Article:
Geek Dave grabs it in his hand and plays.
Designed by Jay Smith and released by the Milton Bradley Company in November 1979, Microvision was the very first handheld game console to use interchangeable cartridges.
Microvision had an LCD screen, a small paddle controller and a 12 button keypad. It was quite a strange design as changing cartridges led to pretty much the whole front of the device being removed and replaced.
Different games required different buttons to play, so, as you can see from the image above, the cartridges themselves would have the appropriate buttons included on them. These would then align with switches buried under a layer of flexible plastic on the device itself.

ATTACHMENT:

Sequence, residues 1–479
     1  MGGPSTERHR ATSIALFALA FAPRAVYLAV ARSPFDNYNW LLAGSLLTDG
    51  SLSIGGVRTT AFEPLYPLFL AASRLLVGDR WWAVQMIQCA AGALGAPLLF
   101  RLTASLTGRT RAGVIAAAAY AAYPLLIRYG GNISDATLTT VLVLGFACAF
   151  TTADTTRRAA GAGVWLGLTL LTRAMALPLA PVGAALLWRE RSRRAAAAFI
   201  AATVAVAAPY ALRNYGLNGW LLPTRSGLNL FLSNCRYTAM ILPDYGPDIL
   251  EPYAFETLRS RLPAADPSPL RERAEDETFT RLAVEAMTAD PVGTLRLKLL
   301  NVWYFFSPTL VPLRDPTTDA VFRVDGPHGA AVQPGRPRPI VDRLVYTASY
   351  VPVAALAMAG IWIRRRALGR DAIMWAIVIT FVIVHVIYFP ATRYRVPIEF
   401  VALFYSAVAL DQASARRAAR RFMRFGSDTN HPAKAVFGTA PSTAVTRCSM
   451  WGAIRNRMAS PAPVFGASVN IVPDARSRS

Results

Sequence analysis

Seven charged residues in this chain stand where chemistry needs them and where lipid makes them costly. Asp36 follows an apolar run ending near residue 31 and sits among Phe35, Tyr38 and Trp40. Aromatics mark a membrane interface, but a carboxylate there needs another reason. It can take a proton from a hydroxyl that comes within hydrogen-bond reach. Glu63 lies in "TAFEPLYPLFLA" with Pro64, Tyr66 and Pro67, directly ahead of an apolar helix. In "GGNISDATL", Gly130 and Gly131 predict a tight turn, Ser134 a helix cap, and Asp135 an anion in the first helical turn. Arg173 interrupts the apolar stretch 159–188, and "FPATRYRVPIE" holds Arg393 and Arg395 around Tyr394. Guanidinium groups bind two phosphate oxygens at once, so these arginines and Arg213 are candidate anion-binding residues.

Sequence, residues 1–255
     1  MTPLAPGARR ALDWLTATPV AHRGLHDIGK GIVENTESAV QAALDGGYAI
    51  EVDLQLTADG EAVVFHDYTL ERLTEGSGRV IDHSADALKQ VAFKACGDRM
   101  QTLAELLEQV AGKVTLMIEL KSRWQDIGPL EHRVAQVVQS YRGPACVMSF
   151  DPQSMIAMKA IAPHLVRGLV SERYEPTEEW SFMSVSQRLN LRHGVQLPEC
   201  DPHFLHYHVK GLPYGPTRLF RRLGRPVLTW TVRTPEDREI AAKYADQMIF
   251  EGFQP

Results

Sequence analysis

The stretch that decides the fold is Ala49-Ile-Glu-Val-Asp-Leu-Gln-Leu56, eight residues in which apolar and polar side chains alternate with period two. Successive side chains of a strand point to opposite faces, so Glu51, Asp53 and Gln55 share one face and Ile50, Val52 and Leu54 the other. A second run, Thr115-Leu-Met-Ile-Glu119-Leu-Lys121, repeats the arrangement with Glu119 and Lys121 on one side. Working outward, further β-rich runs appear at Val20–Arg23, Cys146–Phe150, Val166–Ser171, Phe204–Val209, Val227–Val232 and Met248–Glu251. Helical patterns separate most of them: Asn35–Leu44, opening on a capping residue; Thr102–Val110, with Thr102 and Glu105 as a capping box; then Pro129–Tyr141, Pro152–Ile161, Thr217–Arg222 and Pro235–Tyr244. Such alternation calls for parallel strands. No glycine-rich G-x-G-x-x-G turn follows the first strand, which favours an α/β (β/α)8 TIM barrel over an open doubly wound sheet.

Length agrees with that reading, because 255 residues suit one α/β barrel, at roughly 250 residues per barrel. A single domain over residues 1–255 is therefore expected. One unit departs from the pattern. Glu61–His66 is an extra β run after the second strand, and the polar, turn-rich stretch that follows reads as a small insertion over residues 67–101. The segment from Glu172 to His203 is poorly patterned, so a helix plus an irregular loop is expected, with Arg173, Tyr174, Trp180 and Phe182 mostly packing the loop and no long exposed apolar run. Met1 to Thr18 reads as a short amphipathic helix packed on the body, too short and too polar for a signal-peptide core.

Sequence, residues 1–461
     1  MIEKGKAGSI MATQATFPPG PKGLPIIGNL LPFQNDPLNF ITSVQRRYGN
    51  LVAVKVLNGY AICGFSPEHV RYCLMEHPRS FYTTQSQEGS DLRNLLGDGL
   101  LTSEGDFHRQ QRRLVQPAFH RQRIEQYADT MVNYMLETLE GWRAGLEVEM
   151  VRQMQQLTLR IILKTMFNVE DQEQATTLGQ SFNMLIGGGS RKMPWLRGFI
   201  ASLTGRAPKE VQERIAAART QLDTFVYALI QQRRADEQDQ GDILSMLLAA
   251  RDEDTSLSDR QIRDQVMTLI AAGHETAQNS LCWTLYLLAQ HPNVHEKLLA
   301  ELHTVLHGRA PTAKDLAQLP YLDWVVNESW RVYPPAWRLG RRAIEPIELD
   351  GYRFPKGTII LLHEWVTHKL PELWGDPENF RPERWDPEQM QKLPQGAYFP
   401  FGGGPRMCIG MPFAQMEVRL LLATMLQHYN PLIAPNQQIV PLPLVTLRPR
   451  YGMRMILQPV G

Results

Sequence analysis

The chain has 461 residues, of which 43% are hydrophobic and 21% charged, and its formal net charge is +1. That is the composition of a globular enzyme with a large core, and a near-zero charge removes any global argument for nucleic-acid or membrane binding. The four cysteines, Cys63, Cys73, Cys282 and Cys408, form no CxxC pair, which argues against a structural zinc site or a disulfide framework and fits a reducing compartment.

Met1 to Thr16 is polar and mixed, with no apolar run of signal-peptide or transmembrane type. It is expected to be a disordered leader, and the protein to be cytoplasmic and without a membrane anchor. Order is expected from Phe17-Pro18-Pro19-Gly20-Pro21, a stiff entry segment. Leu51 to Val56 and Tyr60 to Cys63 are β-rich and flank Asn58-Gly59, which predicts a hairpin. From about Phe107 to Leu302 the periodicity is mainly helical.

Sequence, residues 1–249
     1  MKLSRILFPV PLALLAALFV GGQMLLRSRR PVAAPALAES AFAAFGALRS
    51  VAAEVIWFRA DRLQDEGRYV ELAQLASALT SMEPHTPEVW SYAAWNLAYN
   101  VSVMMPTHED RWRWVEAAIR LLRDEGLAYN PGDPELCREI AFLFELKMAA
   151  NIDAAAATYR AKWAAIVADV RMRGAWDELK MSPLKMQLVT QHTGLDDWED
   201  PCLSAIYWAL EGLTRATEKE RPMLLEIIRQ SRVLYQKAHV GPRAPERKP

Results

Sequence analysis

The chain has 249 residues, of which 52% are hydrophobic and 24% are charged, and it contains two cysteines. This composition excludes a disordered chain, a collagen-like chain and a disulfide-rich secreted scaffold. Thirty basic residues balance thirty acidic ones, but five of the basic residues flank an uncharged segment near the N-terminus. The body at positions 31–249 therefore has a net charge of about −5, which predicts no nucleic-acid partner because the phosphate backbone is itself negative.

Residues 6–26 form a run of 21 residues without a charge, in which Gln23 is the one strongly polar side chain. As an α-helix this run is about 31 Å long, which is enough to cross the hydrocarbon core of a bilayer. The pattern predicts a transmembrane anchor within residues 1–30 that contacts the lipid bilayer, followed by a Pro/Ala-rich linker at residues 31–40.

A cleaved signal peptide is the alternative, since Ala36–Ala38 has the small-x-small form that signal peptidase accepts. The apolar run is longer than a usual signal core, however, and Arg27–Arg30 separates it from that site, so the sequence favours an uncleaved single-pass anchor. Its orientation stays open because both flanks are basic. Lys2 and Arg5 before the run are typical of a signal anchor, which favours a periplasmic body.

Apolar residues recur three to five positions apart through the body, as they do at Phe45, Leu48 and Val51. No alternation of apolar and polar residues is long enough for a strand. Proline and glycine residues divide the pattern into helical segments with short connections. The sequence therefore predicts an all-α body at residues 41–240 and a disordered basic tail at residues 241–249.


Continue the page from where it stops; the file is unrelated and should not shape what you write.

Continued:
MicroVision's combination of portability and unique cartridge-based system led to sales of $15 million in the first year of the system's release. However, interest quickly declined, and with only a total of 12 games released (one of them only available in Europe) it was dead in the water by 1981.
It's pretty rare to find a working one nowadays. Many of the LCD screens are damaged, with the liquid crystal leaking and unable to display properly, also the interchangeable keypad design often caused the thin material of the device's keypad to stretch and eventually tear.
But despite it's flaws the Microvision did a lot for handheld gaming. One of the last cartridges released, 1981s Cosmic Hunter, featured a 4-way movement
capability, manipulated by the player’s thumb on four buttons. This
was an early inspiration for the D-Pad, which was used on many future
console controllers, as well as, of course, on the GameBoy.
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